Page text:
• Optical Character Recognition (OCR)- OCR can recognize printed text, such as shipping labels, unlike OMR which could only recognize marks. This technique is very accurate with Latin-based characters and is still under development with Asian languages. Although it is accurate, it is very intense so it can be a slow form of data recognition on PCs.

 

  • Intelligent Character Recognition (ICR)/ Handprint recognition- The final two techniques are grouped together because they are the least developed and least accurate forms of data recognition. These techniques understand handwritten data but only accurate when using a limited vocabulary or information that can be matched to a database.

 

Any questions on how data recognition works for intelligent document understanding?  Read more about this topic in our whitepaper.

 

Nikole

Image source

Dealing with a whirlwind of sources, data, and formats

Businesses deal with a whirlwind of sources, data, and formats.  Do you agree?

Businesses deal with a whirlwind of sources, data, and formats. Do you agree?

Do you fondly recall the days of simplified document management? I’ve met many people who do.  But, just as Bob Dylan aptly said, “the times they are a-changin’.”

Just a couple of decades ago we were only processing forms, correspondence, receipts, purchase orders, and so forth.  They were all quite straightforward and arrived as pieces of paper.  We had it easy and probably didn’t think so at the time.  Am I right?

There was no need to worry about e-mail correspondence, Tweets, Facebook and LinkedIn posts, images from smartphones, SMS/text messages, or multiple other information sources that are now part of our wired and wireless, social media world.  Physical documents used to arrive at a company, were scanned, and entered into content management systems (CMS), and then accessed by or sent to the appropriate individuals, departments, repositories, or other appropriate destinations.  Frankly, today’s document management needs are overwhelming and there’s always more change to come.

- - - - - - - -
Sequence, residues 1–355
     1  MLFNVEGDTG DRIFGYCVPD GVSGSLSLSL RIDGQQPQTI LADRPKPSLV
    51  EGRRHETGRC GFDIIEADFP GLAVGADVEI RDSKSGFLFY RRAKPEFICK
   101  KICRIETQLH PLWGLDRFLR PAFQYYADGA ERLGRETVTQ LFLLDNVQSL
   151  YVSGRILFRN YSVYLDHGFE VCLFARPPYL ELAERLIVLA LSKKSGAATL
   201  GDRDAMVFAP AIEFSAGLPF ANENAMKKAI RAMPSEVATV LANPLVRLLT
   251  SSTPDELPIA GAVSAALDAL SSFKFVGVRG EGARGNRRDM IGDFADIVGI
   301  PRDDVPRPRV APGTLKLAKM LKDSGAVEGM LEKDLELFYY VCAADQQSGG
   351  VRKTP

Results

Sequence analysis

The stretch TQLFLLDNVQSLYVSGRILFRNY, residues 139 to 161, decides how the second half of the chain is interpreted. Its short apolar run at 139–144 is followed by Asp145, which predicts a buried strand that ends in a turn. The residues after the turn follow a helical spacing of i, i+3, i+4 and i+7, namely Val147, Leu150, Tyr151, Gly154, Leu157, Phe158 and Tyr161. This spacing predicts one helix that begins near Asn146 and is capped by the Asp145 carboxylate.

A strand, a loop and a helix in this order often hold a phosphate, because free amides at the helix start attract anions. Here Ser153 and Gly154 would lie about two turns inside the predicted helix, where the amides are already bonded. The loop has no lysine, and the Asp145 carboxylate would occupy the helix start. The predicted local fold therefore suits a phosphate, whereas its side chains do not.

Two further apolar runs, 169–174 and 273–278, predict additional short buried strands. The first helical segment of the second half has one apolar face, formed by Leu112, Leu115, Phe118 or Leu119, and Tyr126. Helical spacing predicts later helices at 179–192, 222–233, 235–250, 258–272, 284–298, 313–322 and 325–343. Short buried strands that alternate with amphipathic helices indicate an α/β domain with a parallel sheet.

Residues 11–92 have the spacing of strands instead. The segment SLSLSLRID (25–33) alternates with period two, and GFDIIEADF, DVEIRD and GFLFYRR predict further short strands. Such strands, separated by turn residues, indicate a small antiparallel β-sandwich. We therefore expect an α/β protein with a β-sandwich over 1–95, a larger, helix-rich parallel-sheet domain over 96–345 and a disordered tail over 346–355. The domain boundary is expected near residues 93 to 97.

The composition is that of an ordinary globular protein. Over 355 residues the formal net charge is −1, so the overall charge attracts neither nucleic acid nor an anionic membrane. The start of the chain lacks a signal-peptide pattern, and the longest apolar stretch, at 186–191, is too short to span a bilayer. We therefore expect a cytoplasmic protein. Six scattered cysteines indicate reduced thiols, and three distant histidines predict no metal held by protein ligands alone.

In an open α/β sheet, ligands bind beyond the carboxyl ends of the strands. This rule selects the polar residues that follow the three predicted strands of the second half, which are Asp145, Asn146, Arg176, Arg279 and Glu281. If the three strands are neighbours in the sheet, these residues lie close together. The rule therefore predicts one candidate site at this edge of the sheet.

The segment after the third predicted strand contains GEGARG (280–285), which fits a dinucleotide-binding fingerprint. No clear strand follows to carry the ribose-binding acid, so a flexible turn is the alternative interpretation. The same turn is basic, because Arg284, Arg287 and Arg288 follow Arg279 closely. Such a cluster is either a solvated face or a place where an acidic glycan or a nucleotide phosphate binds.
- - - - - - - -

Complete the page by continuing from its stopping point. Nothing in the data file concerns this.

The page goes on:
Of course, the evolution of electronic CMS addresses a portion of today’s challenges and helps to automate and better govern information capture, management, and storage. But many aspects—such as multi-channel capture—remain cumbersome, due to the volume and complexity of formats and limitations of technology.

Today, there is innovative technology available to better aggregate disparate data and make it intelligently useful for the enterprise and automate business processes.  If this is the first that you’ve heard of this, I’d like to welcome you to the era of multi-source, multi-channel information insight.  It’s a bright horizon that includes advanced capture, intelligent document recognition (IDR), classification and data extraction, multi-channel capture, and other emerging solutions that go beyond paper to address that whirlwind of sources, data, and formats.

In my next few blogs I’m going to provide an overview of leading approaches to present and future business challenges, technologies that are available and evolving, real-world examples…really, and key considerations as well as questions to ask technology solution providers as you work to enhance business processes and investigate potential systems.  Sound good to you?  Stay tuned to this blog.

Times are a-changin’.  Do you welcome what that means for your business and its future?

Roland 

P.S.: Download our white paper to learn more about this topic.  It’s free!